I think people can relate to this one:

I really love this clip because it is about the imperfections. There were times when Erika would be in some mood and she’d ask me “Am I being annoying right now?” and I’d say no. She’d respond, “Well, I’m annoying to myself right now.” and then look at me like she wasn’t convinced with my answer. I knew at that moment, I’d have to say something, so I told her “No, you’re not annoying, these are your ‘cute quirks.'” Because they weren’t annoying to me. Annoying is way too strong of a word. They really were little quirks about her, and those quirks were what made her Erika and among the many things I loved about her.

We also had this hanging in our house and something we’d remind each other:

This last clip is one that I only described. So if you haven’t seen the movie, here it is. Just a warning, they use some bad language in here.

This clip sets the context for our first date.

In late 2013, I was coming out of a divorce from a few months prior, so I had weekly appointments with a therapist. Those were helpful. Among the topics during my therapy appointments was dating. I’d been dating one person (not Erika) and while my therapist thought it was too soon, she was ok with it as long as it didn’t seem unhealthy for me. Eventually I realized the relationship wasn’t good for me, so it ended. I went to my weekly appointment and told my therapist. She was relieved. Now I could simply focus on me and getting myself mentally healthy again.

Fast forward one week, to my next appointment. I told my therapist there’s someone else. Someone I want to go on a date with. My therapist let out an exasperated “Nooooooooo!!!” and I just said “I know, I understand and I even agree, but trust me, she’s different. She is the one. This one is special.” And of course, this was Erika.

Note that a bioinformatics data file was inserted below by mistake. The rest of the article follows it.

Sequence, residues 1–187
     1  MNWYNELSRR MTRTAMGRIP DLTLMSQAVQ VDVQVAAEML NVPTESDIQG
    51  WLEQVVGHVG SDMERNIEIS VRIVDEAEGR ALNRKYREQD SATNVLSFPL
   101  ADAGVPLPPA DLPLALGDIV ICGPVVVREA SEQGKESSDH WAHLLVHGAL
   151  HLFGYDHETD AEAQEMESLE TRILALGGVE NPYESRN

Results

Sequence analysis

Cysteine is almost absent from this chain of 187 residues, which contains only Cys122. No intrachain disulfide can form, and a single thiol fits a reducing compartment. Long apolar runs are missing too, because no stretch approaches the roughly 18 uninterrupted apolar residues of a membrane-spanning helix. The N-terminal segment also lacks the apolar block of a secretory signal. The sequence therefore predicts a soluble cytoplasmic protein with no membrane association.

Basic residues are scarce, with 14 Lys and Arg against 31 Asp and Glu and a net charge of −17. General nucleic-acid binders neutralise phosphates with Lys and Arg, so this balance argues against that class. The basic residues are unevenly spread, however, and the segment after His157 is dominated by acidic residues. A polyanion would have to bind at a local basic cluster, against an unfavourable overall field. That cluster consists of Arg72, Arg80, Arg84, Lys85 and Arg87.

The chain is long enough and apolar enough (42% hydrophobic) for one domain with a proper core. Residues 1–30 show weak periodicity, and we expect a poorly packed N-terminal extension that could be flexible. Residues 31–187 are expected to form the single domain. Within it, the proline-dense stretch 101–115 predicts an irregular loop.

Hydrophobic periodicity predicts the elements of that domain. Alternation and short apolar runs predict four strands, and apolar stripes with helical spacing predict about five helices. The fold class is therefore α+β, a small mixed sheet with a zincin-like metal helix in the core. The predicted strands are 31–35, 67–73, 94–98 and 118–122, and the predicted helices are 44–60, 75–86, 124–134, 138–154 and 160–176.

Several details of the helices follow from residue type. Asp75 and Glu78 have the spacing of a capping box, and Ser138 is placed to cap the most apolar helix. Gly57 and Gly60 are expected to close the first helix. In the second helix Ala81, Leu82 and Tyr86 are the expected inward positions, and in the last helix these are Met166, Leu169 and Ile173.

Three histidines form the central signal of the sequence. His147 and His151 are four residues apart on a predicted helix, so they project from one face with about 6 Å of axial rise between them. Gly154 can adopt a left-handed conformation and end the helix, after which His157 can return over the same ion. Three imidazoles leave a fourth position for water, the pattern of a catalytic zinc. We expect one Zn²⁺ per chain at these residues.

I finally asked Erika on a date with just the two of us. We were headed to a now-closed steak place on Federal Hill in Providence. The date would be on November 12, 2013, a Tuesday. But then fate intervened. The day before our first date, I was working in Boston. I’d just started at that company about three months prior. It was Veterans Day, and not many were in the office. Erika just so happened to have a job interview in Boston that day as well. She and I were text chatting through the morning. After her interview, she went to lunch with her mother, who also worked in Boston. I noticed that the Bruins had a 1 pm game that day, so I messaged Erika, “The Bruins are playing at 1.” She immediately replied “Let’s go!” As soon as I figured out she was serious, I quickly and quietly left the office, got on the subway over to the Garden, bought a couple tickets and met her at the Bobby Orr statue. We watched the entire game without either one of us ever leaving our seats. The best first date and one we’d refer to often.

After the game, I had to go back to work. I took the subway, quietly and quickly went back to my desk, as if nothing had happened. But, being Veterans Day, not many were around and no one had noticed that I was gone. I don’t know what I would have done if someone had noticed, but I’d like to think that I would have said “I had to see about a girl.” Because I just knew. She was the one. She was special.

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Thank you

Erika’s memorial celebration was, as her father Ray put it, “a time for remembering and for healing.” It was incredible to have so many people join us both as speakers and telling of their experiences and memories of Erika but also so many people who attended. So I wanted to say thank you.

Here are six tweets that I read that summarize the day extremely well:

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Just Us

I’ve been working on putting things together for Erika’s celebration event on March 20th and just discovered that Google Photos can automatically make slideshows set to music. Here’s one I just made.

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Thanks Paws

I think it was in 2014 that I heard an advertisement on the radio by the Pawtucket Red Sox for Valentine’s Day. Have their mascot, Paws, deliver flowers to your Valentine. I thought this would be fun and Erika would like it. Well, she loved it! So I did it each year.